Was allowing public access to the park that important? Perhaps APD could have simply backed off and closed the park. After all, there are plenty of other parks that people could visit instead of this park. If the guy really doesn't decide to surrender, why risk use of force? Of course, some people may want to use this park and we don't want to risk upset (nor arrests or use of force). I guess we could just warn them to reduce liability. We just post signs than an armed, mentally ill offender is loose in the park. If asked why we're not doing something about it, we respond that we don't want to risk injuring or killed the armed suspect. There's another park across town, why don't you Google it? It's only a half hour away.

    As has been remarked, communities get the policing they deserve.

  6. #46
    Speaking of training - I was thinking of setting up a scholarship/fund for my local agency - nothing big, just like $500/year - for an LEO to go to Rangemaster or Langdon Tactical or Shivworks. Any idea how to get that set up? It's not a lot, but it'll at least defray some of the cost of registration. I figure, these guys can bring back their knowledge and tactics gained.

  7. #47
    gulag bound blues's Avatar
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    Quote Originally Posted by cclaxton View Post
    I would expect our law enforcement leadership to always be looking for better ways to do things or is that not the case?
    Define "better". I'm pretty sure there's a gaping chasm between what administrators think is better vs. the officer on the street with his butt on the line.
    Every day I convince myself that I can't be more disgusted by what I see our country willingly turning itself into...
    ...and then wake up the next morning only to find just how wrong I was...day after day.

  8. #48
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    Quote Originally Posted by cclaxton View Post
    Just to be clear I never suggested that we police like those guys in the UK or Norway. What I did suggest was that there may be some tactics we can learn from them that help LEOs do their jobs but with less likelihood of lethal encounters when the situation allows it. Or are you suggesting that there is nothing to be learned from them? I would expect our law enforcement leadership to always be looking for better ways to do things or is that not the case?


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    Having seen the tactics used by some police agencies in some of the countries mentioned, no I don't think we should be learning from them. They police in a totally different legal and threat environment, and frankly the tactics I've seen leave much to be desired. The tactics that CAN work are known to the training Community here in the US.....but training costs money, and is therefore bad. Much easier to create a new policy!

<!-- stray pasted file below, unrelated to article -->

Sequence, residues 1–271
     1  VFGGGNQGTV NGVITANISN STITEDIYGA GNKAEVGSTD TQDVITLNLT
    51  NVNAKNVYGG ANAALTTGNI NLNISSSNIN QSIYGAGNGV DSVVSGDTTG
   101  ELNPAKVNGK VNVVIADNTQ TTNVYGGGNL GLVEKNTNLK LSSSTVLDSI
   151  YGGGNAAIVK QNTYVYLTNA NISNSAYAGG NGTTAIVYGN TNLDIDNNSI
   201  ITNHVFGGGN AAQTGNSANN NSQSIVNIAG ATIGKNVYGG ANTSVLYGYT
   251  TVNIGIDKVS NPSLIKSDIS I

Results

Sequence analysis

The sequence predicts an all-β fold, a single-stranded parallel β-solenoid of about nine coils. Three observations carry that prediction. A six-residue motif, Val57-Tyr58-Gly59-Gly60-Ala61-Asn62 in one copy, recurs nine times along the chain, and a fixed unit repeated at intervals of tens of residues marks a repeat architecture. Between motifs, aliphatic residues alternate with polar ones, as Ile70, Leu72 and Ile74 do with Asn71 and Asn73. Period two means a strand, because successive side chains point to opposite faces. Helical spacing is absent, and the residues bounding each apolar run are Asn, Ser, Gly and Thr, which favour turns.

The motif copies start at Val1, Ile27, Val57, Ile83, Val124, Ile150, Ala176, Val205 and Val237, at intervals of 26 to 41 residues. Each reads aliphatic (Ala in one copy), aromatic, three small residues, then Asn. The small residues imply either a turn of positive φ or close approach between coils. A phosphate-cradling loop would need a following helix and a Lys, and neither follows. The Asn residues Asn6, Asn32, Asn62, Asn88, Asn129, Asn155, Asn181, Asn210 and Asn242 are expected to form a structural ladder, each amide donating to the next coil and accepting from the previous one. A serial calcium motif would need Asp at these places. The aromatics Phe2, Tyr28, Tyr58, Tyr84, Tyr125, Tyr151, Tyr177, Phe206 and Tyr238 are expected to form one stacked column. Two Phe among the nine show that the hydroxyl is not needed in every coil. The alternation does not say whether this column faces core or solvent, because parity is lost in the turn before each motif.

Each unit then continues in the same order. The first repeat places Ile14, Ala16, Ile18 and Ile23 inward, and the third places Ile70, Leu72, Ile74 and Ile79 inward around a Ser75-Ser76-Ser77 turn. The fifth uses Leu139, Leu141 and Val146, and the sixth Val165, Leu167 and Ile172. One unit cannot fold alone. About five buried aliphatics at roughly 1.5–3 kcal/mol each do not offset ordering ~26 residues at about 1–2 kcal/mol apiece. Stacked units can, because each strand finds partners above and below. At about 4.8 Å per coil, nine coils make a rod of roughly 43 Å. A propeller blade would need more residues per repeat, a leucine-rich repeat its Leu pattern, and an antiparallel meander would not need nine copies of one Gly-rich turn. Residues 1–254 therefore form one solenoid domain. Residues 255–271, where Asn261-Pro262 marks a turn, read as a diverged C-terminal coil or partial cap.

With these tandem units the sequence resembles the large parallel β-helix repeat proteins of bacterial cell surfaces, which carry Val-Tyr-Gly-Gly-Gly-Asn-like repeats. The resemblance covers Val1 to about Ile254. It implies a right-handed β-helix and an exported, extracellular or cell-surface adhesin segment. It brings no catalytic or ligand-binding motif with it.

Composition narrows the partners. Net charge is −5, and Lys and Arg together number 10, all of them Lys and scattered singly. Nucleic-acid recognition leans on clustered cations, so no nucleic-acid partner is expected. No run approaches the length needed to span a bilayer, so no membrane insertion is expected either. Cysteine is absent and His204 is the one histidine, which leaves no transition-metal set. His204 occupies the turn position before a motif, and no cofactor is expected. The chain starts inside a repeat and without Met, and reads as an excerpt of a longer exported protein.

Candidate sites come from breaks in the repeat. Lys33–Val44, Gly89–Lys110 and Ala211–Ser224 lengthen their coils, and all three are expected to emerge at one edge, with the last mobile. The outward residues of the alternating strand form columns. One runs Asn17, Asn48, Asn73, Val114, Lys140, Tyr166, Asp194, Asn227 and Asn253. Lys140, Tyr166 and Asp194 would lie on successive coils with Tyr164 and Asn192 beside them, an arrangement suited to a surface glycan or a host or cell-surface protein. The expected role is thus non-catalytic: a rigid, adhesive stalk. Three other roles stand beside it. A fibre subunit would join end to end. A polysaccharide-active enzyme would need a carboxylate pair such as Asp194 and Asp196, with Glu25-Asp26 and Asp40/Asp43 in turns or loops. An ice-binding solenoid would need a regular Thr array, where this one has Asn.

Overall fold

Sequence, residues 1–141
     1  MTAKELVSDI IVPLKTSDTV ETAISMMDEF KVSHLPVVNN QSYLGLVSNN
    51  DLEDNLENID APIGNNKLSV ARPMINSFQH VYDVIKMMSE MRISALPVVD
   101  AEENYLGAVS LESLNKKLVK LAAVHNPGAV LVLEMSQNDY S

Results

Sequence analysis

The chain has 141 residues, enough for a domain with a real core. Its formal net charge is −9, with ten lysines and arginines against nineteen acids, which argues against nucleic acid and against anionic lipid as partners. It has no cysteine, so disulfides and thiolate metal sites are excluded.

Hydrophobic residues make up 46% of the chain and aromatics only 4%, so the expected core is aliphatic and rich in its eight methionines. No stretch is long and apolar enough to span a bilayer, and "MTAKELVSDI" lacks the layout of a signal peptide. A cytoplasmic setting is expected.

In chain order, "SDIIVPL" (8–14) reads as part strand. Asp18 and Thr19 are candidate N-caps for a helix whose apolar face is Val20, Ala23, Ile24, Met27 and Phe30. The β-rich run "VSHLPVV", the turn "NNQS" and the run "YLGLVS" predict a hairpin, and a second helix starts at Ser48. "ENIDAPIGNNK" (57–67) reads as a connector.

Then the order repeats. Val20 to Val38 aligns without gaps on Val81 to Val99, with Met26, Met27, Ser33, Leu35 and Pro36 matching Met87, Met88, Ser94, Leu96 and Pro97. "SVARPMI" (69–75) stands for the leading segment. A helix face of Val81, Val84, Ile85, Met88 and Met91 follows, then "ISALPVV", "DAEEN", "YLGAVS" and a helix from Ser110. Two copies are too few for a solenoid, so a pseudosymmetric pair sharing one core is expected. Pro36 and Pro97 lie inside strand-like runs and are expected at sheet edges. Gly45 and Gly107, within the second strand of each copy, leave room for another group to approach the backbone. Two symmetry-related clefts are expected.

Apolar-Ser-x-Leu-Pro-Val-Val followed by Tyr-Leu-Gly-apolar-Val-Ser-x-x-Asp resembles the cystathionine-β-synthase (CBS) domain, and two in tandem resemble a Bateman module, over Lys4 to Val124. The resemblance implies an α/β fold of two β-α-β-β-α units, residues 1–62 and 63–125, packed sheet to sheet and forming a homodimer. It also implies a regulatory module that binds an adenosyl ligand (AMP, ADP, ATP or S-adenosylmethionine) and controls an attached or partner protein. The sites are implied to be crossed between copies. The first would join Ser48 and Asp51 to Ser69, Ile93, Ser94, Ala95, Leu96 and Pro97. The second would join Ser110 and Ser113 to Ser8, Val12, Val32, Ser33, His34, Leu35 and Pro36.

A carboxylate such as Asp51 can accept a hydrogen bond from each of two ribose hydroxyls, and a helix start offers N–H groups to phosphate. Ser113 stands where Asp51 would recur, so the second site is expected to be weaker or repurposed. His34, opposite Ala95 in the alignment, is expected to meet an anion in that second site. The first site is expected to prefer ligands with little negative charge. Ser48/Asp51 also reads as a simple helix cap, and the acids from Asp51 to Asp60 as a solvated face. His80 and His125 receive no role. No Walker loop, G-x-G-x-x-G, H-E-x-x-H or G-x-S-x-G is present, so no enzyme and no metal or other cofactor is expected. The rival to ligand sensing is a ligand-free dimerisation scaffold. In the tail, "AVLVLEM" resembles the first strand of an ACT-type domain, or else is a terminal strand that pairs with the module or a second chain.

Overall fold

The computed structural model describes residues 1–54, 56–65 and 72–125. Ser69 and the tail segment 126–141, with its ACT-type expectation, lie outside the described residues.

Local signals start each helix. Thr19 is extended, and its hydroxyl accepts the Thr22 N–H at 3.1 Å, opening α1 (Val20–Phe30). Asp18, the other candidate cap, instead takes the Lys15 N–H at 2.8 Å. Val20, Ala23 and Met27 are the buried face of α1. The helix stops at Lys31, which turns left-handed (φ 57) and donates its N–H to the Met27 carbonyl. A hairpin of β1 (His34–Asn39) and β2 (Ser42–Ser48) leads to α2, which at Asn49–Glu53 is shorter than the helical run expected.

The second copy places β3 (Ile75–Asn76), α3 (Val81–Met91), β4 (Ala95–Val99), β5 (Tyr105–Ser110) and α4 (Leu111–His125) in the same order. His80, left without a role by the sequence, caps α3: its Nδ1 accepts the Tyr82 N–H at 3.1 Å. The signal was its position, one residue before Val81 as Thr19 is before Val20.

I've been calling out in the wilderness for over twenty years at my job, that lack of training would lead to bad outcomes that would lead to bad politically motivated policy. No one listened. They're still not listening. A little secret that citizens don't seem to know is that LE leadership types don't really know all that much about anything job related. Probably less than most of the non LE folks here. And they care even less. If it isn't going to get them up the next rung on the ladder, or help them hold on....it isn't worth their time or thought. As for what can be done? Sadly, no, I don't think we'll see change in the right direction. Just more policies that are unworkable and encourage de-policing, and a commensurate loss of public safety.
    Last edited by AMC; 04-05-2018 at 06:58 PM.

  9. #49
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    Quote Originally Posted by AMC View Post
    Sorry Newbie.....don't know how this got attached to your post. Wasn't a reply to you.
    No worries, I always enjoy your posts. You Rex, Blues, BBI, DB, Haggard etc are all blessings to the forum. I apologize to any I left out.

  10. #50
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    Quote Originally Posted by jnc36rcpd View Post

    Of course, this plan may put people like the octogenarian whose home the suspect burglarized at some risk, but we all need to contribute to the effort to avoid using force upon suspect.
    Wait a minute...
    So this guy committed a burglary of an occupied home on the night of his unfortunate demise?
    The press is only reporting breaking windows- like vandalism.

    Can you give us more information on this, and perhaps a source?

    ETA- I agree and sympathize with the thrust of your post. Just would like to learn more about an aspect I hadnít heard before.
    Last edited by GyroF-16; 04-05-2018 at 07:11 PM.